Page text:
JOHANNESBURG (AP) — In less than a week, South Africa has had three finance ministers.
Last Wednesday, Nhlanhla Nene was fired. On Thursday, David van Rooyen was sworn in. By Sunday, van Rooyen was out and Pravin Gordhan returned to the post he held previously. The rapid succession of finance minister caused the South Africa's currency to plummet.
On Monday, Gordhan, who was finance minister from 2009 to 2014, reassured the country that the economy will be steadied.
"I represent the new scenario," he said. The markets responded well to a familiar face, with the country's currency, the rand, recovering to 15.26 to $1 Monday. Gordhan's reinstatement was as a result "the importance of listening to the people," South Africa's President Jacob Zuma said.
The turmoil in Africa's second largest economy, revealed political wrangling over a planned nuclear deal and questionable spending at the struggling national airline carrier.
Late last Wednesday, when Zuma fired finance minister Nhlanhla Nene after just 19 months in the position, the currency dropped to 15 rand to $1 dollar. The next day the rand slumped even further to 16 rand to $1.
South Africa's economy was already troubled. Just a week before, ratings agency Fitch downgraded the country to BBB-. Standard & Poor's maintained South Africa's BBB- foreign currency credit rating, but revised the outlook to negative. The country had narrowly missed entering a recession with less than 1 percent growth, said Statistics South Africa.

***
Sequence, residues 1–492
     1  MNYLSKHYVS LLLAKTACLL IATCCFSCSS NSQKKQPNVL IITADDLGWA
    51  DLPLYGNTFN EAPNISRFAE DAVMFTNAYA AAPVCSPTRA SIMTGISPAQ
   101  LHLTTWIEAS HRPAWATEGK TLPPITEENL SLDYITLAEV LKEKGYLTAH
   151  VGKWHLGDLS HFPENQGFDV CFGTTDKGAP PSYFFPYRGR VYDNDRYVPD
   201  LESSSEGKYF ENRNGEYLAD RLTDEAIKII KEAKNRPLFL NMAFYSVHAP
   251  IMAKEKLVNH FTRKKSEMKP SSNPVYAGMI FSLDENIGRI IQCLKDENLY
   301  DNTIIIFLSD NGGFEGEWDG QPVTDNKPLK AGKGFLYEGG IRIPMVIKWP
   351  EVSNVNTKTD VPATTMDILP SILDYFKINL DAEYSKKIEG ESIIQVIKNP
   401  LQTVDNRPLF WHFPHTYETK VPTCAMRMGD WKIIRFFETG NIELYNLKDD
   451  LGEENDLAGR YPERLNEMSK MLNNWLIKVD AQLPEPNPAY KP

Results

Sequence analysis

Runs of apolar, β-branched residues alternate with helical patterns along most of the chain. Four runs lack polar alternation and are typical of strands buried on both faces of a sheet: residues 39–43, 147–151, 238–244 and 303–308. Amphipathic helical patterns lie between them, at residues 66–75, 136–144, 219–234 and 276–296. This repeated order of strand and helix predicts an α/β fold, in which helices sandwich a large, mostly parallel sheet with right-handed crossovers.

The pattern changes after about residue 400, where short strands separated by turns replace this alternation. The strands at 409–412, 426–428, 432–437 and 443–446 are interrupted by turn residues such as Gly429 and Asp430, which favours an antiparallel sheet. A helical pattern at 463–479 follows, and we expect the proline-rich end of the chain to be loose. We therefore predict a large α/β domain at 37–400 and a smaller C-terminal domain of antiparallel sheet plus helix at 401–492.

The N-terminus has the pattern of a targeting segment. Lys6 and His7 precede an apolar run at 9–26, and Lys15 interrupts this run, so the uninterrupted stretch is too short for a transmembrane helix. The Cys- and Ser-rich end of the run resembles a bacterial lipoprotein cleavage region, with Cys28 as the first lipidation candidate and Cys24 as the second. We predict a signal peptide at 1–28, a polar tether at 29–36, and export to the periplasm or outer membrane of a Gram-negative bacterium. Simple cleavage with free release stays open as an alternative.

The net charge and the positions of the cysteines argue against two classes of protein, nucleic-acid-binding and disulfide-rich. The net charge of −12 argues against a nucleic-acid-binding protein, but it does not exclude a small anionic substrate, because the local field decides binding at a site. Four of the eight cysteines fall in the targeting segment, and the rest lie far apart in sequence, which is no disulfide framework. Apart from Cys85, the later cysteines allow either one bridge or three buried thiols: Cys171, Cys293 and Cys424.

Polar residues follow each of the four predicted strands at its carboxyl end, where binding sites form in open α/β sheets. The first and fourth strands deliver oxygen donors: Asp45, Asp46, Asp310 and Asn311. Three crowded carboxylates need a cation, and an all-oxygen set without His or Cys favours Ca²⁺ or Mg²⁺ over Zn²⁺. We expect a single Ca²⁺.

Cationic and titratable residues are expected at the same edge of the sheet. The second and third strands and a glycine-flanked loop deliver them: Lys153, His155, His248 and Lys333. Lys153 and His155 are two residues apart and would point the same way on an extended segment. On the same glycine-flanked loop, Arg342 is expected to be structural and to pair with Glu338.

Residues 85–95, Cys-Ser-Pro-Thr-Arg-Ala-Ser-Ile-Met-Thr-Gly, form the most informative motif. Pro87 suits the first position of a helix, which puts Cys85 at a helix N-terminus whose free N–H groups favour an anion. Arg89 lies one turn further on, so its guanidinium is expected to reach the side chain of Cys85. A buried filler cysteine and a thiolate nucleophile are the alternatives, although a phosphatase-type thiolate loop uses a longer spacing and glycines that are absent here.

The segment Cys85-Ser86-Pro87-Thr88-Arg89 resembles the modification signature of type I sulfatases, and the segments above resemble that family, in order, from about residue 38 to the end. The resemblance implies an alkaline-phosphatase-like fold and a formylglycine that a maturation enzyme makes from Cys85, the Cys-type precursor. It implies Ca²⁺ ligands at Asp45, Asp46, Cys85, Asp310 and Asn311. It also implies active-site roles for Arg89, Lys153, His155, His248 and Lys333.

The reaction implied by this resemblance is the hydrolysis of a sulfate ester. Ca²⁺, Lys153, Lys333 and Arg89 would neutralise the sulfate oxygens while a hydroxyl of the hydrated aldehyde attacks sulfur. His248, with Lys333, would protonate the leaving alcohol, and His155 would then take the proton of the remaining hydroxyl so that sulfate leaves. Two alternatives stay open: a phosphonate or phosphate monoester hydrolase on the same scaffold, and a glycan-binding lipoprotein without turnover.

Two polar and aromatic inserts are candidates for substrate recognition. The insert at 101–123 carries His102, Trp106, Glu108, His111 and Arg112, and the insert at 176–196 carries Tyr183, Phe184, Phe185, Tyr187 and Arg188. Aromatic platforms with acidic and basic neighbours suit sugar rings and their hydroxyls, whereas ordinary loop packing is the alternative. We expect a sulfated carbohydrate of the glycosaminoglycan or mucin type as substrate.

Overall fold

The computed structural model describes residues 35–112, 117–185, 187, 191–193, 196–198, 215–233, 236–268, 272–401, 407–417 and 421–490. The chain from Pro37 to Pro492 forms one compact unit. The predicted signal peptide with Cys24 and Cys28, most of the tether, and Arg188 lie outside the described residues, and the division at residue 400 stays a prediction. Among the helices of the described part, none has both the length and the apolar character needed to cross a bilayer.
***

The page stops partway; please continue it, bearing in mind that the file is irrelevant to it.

"In the midst of these problems and uncertainty, the minister is fired and replaced by somebody who is not known by the markets, business or any other sector," said Cas Coovadia, managing direction of the Banking Association of South Africa.
Zuma's decision drew much criticism from opposition parties, the finance sector and citizens on social media.
Much speculation said that Zuma sacked Nene because of his reported refusal to approve the purchase of new Airbus jets in a controversial deal through a third party. This allegedly brought the anger of the airline's chairwoman, Dudu Myeni, known as a close ally of Zuma.
"Rumors about a romance and a child are baseless and are designed to cast aspersions on the President," Zuma's office said in a statement dismissing a list of rumors.
There was also speculation that Nene was fired because he refused to approve a nuclear deal, which could see Russian companies building a string of power stations worth billions of dollars, South African media reported.
On Monday, BusinessDay newspaper reported that Cabinet approved a deal for the proposed nuclear power program on the day Nene was fired. The South African government has officially denied the reports.
One analyst says the uncertainty of the last days is a political plus for South Africa.
"An attempt was made to cross a line that hasn't been made in 20 years, which was to make the national treasury a vehicle for the interests of particular politicians," said Steven Friedman, director of the Centre for the Study of Democracy. "Nobody's going to touch the treasury for a long time. A very clear line has been drawn."
The days of economic turmoil may have passed for now, but infighting in the ruling party will likely continue until 2017, when a new party president is elected.